We are so lucky to have so many beautiful nature reserves in Oxfordshire to explore with our kids and inculcate the “1000 hours outside” from early years on. Here is my list of some lovely walks and they appear in no particular order!
Shotover Country park does not have the traditional “play equipment” but it has something better; “a beach” with small gullies of muddy stream and semi sandy pits around it. There are hills to climb up and down in the woodland as you hear the beautiful natural symphony of birdsongs. There are dens to explore and lots and lots of tree trunks to climb. There is also a rope swing tied up in one of the trees to and another one higher up, with some sort of obstacle course around it. You can also find hidden treasures around the park, using Geocaching, if you are into it!
CS Lewis Nature Reserve is believed to be the inspiration for “Narnia classic tales” and if you go in March, the pond is full of mating frogs. you can hear the croaking from a distance (See our post on 🐸Frog Spotting at CS Lewis Nature Reserve 🐸). The woodland trail is pretty good with some fairy doors, lots of log piles and tree trunks and hilly areas to climb up on. The full loop is not too long, so it is easily doable with the little ones but you can access Shotover country park from here and make your walk longer if you want.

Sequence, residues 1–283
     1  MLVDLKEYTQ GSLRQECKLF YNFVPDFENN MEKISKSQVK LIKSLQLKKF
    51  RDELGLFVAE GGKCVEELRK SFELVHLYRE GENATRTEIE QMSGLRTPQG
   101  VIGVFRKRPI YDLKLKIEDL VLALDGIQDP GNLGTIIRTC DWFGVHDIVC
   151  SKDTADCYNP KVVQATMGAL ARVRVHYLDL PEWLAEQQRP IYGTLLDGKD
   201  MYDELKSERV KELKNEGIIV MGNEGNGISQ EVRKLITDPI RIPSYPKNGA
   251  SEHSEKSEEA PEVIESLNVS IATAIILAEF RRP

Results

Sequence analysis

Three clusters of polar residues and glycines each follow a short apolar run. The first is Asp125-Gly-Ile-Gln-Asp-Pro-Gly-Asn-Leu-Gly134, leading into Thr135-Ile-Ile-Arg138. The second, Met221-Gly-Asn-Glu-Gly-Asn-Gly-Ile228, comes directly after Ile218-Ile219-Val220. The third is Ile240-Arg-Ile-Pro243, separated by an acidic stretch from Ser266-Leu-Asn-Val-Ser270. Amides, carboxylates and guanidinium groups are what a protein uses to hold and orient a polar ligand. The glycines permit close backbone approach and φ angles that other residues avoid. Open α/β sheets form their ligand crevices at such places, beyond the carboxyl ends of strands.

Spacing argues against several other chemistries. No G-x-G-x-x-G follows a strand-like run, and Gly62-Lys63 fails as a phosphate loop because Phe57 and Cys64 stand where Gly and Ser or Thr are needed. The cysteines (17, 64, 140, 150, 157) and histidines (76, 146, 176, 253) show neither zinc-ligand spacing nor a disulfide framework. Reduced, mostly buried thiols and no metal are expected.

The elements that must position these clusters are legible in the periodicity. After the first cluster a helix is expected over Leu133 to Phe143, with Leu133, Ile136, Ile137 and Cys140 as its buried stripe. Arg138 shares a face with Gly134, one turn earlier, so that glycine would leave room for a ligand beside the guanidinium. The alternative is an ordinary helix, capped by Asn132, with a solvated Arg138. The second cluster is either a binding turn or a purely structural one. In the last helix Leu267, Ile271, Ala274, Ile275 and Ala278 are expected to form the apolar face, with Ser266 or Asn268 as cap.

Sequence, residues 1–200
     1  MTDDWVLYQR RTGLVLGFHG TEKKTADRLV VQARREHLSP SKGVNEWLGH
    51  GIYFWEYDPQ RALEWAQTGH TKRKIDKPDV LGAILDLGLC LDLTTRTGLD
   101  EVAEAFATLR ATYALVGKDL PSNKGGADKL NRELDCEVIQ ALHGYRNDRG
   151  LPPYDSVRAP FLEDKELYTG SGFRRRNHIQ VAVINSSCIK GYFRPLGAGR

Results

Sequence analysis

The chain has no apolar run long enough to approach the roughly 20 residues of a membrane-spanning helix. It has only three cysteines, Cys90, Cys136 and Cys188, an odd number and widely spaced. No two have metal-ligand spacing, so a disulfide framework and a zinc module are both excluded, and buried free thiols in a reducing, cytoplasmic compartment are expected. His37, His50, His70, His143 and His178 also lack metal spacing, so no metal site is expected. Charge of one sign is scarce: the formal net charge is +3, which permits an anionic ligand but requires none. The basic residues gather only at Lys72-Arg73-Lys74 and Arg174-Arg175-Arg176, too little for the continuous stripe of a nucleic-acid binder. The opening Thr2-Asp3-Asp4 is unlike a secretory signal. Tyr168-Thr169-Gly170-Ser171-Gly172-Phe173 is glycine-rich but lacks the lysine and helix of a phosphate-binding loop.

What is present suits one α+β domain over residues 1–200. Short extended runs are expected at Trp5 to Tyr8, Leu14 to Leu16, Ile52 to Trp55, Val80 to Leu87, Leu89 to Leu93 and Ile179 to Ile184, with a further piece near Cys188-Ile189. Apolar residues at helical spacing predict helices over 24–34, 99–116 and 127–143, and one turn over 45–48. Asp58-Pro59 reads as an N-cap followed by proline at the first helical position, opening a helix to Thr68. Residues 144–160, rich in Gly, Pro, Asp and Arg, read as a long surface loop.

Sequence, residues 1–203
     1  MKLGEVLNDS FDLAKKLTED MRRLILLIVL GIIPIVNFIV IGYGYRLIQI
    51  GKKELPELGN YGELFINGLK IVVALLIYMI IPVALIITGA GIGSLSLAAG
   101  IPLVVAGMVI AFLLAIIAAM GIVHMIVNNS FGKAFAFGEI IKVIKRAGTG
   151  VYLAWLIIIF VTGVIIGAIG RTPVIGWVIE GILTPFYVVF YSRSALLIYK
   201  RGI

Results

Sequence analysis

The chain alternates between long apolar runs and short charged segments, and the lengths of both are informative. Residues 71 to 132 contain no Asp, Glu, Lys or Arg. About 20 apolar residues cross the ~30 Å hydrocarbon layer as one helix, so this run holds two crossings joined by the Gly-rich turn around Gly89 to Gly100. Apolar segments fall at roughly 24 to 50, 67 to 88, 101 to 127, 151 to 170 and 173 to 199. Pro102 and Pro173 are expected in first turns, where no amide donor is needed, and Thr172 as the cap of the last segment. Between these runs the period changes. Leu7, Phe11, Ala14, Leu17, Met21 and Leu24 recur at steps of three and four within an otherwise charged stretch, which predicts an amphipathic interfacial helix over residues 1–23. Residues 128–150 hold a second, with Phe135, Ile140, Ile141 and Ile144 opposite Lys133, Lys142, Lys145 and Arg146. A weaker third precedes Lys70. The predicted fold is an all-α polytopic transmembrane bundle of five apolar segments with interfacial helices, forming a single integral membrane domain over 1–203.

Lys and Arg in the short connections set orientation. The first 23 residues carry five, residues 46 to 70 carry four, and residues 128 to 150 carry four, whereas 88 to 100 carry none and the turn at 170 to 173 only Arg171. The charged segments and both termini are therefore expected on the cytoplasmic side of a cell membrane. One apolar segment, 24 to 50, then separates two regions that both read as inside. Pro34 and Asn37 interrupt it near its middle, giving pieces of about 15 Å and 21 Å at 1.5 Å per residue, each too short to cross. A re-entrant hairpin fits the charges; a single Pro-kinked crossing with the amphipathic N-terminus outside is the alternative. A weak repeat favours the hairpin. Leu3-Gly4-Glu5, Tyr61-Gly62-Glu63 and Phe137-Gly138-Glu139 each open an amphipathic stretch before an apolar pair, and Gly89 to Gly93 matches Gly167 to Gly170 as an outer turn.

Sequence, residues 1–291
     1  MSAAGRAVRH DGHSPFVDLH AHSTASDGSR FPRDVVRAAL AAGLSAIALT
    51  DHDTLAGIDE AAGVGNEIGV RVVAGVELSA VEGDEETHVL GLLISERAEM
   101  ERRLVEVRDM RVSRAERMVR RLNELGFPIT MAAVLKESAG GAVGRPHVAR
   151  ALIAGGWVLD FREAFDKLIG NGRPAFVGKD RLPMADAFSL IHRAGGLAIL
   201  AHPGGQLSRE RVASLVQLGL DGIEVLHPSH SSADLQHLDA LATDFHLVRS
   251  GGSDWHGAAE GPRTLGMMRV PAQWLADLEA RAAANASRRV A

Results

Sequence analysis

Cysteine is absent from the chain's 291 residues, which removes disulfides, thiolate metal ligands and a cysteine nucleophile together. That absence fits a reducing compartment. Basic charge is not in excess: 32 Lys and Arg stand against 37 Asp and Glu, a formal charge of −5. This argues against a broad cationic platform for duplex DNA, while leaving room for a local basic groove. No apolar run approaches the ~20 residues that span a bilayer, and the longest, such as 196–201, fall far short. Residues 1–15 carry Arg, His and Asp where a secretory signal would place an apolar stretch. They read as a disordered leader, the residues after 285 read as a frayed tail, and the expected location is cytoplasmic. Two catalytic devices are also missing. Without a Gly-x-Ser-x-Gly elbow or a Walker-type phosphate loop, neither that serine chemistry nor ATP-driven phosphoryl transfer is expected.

Lye Valley Nature Reserve is another one of Oxford’s hidden gems. There is a boardwalk at the entrance with a small stream running by the side. The water is not too deep and the surroundings just perfect for splashing and water fights! There are a few wooden bridges and also a tree trunk fallen right over the stream to make a perfect crossing for the more adventurous. If you go during the mating season, you will find scores and scores of frogs.
Fairyland walk of Kidlington is a nice walking route in itself between Kidlington and Begbroke, but you can spot so many beautiful and vibrant fairy doors amongst the trees and on the floor that you can not NOT love this walk. A stream is running on one side, parts of which are shallow enough for children to play in. The start of the walk is also a good train spotting space.
We absolutely loved Ewelme Watercress beds nature reserve. The walk itself is not massive but it is just so so lovely and we shrieked with delight when we discovered the rope swing at the top of a stream at the far end. You will not spend ages here if you are driving from far away but combine it with a trip to Benson play park (which is literally a few minutes drive away), Ewelme play park (which is just up the road) or a long walk around Cow Common, and can absolutely have a gorgeous FREE day out!